Organic Seeds, often denoted as (O), have been harvested from plants grown organically, without the use of synthetic fertilizers or pesticides.
Treated Seeds are seeds that have been coated with a fungicide or insecticide to increase the seeds’ ability to sprout without rotting or being attacked by insects in the soil. Many seed companies add color to the treatment to make them distinguishable from untreated seeds. For example, yellow corn seeds may appear pink.
All American Selection (AAS) is often used in the description of a particular seed variety. AAS is an independent nonprofit gardening organization that tests new plant varieties. only the best performers are recognized as AAS winners. Additional information, including a list of the 2015 winners, is available at the AAS web site, http://all-americaselections.org/index.cfm.
Tomato varieties include a description indicating whether they are Determinate or Indeterminate. Determinate tomato varieties have fruits that ripen at the same time and have a bush-like habit. Often they do not need to be supported by staking or caging. Many of the determinate varieties were developed by or for tomato processing companies, to facilitate the harvest by having all the fruits ripen at the same time. Indeterminate tomato plants ripen throughout the growing season, and the plants continue to grow up until frost. For healthier plants and increased performance, staking, caging or trellising may be required to support indeterminate tomato varieties.
Some tomato varieties have a series of letters after the variety name. An example I came across was “BIG BEEF VFFNTA HYBRID”. These letters mean the variety is resistant to certain diseases and pests. Planting resistant varieties improves the odds of a successful tomato crop especially if you live in an area where disease is a problem.
The following is an abbreviation key for these resistant varieties:
V-Verticillium Wilt- Starting at the base of the plant, leaves develop yellow blotches in a v-shape that will later turn brown and die. Plants may not actually wilt until later in the season, but they will have stunted growth due to poor nutrient uptake through the stem.
F– Fusarium Wilt — The main plant stem becomes infected with fungus that blocks water and nutrients. Leaves may turn yellow and die, while fruit size and quality suffers. Plant may wilt during the day, even with moist soil. FF denotes resistance to two strains of Fusarium.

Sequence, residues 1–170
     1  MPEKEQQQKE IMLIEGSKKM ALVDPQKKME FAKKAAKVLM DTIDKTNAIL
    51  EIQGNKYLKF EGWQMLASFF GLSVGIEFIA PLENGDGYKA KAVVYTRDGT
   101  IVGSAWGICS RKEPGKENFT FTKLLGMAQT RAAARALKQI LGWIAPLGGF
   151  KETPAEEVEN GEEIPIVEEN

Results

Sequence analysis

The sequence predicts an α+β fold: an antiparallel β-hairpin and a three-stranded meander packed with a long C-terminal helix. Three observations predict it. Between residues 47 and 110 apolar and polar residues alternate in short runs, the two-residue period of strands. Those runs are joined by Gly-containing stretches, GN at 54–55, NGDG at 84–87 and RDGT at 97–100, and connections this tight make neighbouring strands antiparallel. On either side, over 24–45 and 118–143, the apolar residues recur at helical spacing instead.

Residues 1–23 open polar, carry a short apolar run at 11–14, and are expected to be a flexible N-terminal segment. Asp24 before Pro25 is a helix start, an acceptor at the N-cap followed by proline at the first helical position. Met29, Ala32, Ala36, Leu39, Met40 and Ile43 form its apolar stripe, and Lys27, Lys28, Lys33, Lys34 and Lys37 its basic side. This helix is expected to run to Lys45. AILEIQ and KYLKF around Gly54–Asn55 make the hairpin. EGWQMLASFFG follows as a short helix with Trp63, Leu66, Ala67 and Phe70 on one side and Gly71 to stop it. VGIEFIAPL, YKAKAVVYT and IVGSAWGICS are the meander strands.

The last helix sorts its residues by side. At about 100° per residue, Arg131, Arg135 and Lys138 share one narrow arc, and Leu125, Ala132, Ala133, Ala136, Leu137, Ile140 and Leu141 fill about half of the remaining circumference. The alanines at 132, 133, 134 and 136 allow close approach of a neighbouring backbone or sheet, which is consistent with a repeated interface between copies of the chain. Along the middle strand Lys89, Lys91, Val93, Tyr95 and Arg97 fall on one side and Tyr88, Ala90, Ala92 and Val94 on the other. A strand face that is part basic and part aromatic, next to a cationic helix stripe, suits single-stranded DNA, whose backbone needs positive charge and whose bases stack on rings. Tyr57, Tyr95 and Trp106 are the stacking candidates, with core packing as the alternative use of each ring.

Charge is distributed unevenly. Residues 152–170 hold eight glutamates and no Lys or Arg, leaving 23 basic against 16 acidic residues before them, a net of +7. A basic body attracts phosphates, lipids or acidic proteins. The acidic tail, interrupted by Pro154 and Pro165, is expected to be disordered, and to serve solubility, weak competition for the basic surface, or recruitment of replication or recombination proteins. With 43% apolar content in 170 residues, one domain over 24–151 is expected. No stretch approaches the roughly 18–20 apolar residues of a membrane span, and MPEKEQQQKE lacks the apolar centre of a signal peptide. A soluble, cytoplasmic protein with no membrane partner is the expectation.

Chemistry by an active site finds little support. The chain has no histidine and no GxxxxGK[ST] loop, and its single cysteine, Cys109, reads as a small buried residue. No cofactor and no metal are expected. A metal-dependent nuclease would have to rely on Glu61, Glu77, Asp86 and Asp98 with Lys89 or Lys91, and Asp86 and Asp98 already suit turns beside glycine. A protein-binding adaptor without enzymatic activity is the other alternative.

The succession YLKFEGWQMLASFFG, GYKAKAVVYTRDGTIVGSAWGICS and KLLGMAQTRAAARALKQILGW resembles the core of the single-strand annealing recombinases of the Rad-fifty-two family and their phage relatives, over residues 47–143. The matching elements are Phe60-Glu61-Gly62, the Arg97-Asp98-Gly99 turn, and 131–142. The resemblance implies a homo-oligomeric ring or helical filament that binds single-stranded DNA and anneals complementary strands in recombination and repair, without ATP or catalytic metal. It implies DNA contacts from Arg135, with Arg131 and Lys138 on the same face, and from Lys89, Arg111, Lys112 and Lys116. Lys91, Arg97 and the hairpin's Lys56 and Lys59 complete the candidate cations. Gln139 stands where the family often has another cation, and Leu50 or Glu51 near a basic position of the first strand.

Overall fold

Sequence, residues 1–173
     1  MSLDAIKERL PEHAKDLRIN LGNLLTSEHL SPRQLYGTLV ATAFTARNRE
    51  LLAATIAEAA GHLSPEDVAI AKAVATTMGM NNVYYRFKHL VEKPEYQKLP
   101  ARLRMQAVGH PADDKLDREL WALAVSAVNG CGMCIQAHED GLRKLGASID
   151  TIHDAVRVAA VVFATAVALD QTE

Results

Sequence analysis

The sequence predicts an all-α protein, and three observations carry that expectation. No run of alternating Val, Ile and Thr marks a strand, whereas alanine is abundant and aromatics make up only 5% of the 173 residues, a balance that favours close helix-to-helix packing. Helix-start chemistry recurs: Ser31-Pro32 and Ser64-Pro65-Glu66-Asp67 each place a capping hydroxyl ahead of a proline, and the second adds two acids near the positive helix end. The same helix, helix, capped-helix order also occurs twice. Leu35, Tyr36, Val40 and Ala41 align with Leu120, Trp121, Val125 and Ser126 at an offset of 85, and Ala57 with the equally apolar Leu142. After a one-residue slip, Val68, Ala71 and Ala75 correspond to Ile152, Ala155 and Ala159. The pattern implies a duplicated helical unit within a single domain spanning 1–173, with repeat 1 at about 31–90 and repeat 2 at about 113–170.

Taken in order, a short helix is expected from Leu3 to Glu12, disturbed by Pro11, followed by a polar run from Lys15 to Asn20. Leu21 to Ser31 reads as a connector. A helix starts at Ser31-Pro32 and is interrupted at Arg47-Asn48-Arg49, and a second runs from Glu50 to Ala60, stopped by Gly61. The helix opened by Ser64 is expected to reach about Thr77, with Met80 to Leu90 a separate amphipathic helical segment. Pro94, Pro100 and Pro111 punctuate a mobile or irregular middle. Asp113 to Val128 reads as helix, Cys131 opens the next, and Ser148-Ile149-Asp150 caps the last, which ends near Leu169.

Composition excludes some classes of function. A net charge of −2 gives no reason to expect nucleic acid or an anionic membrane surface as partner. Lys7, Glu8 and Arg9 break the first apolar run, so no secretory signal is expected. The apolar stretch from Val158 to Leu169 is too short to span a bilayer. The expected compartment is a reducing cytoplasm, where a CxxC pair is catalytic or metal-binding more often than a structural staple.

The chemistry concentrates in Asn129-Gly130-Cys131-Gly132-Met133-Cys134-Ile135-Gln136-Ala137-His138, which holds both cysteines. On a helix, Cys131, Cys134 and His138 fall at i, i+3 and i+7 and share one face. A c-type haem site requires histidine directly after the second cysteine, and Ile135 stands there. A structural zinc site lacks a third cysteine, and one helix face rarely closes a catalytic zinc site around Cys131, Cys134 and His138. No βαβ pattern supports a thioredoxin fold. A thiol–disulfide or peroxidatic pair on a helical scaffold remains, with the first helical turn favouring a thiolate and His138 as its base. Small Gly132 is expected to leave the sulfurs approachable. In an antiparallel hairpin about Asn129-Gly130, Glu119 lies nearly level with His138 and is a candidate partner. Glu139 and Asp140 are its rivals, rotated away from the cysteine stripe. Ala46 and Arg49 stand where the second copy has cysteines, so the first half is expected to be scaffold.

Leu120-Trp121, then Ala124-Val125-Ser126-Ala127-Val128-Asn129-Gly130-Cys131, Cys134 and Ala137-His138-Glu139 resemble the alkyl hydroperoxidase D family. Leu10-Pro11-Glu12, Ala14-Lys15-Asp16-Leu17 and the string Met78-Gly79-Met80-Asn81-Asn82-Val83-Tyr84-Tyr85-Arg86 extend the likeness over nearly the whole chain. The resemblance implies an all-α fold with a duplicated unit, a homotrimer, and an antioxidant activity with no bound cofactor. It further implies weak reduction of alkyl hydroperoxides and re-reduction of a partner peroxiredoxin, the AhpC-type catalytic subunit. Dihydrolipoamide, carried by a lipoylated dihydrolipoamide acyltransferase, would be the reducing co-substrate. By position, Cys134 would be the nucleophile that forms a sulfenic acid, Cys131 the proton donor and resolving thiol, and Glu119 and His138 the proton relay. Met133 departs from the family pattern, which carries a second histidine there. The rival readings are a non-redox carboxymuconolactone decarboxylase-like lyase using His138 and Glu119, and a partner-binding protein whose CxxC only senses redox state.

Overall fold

N– Nematodes –Nematodes are roundworms that prefer sandy warm soils. Some will feed on plant roots from the outside, and others actually colonize inside the root. Plant growth is stunted and leaves may become stunted or look wilted or discolored due to poor water and nutrient uptake.
T-Tobacco Mosaic Virus –ToMv is transmitted by people and tools that come into contact with infected plants. Leaves may have a light and dark mottling, and at colder temperatures may become spindly. Fruit may ripen unevenly and develop brown lesions.
A – Alternaria Leaf Spot –Plant stem becomes infected, especially on wounded areas, and develops dark colored lesions. The fungal infection may completely kill stems or produce toxins that can cause lesions on leaves as well as fruit.
Addition information on vegetable diseases and control is available in the Virginia Cooperative Extension Publication 426-563, “Selected Vegetable Diseases” http://pubs.ext.vt.edu/426/426-363/426-363.html
There are a few points to remember when placing seed orders. Order early. Not only will you avoid the disappointment of requesting a sold out item, you may be rewarded with a free bonus seed packet for ordering early. Also, ask other gardeners to share information on their favorite varieties and success stories. The Virginia Cooperative Extension folks have also complied a list of recommended vegetables in Virginia Publication 426-480, “Recommended Vegetables for Virginia” http://pubs.ext.vt.edu/426/426-480/426-480.html.
Another tool I have found helpful is The Virginia Cooperative Extension publication 426-331, Vegetable Planting Guide and Recommended Planting Dates, http://pubs.ext.vt.edu/426/426-331/426-331.html, which not only tells you when to plant a particular vegetable, but also provides the number of seeds or transplants required for a 10 foot row. Also, if you want to have the first ripe tomato in the neighborhood, you’ll need to look at the “days to maturity or days to harvest” of the individual varieties, selecting an “early” versus a “late” variety.
As you are turning the pages of your seed catalogs or visiting a seed company website, don’t forget to check out the garden supply and gadget sections. New tools and supplies are often available from seed catalogs long before they make it to your local gardening center or big box store.
Virginia Cooperative Extension Publication No. 426-316, “Seed for the Garden” http://pubs.ext.vt.edu/426/426-316/426-316.html
A number of web links for various seed companies has been compiled by the Carnegie Library of Pittsburgh and may be accessed at the following link: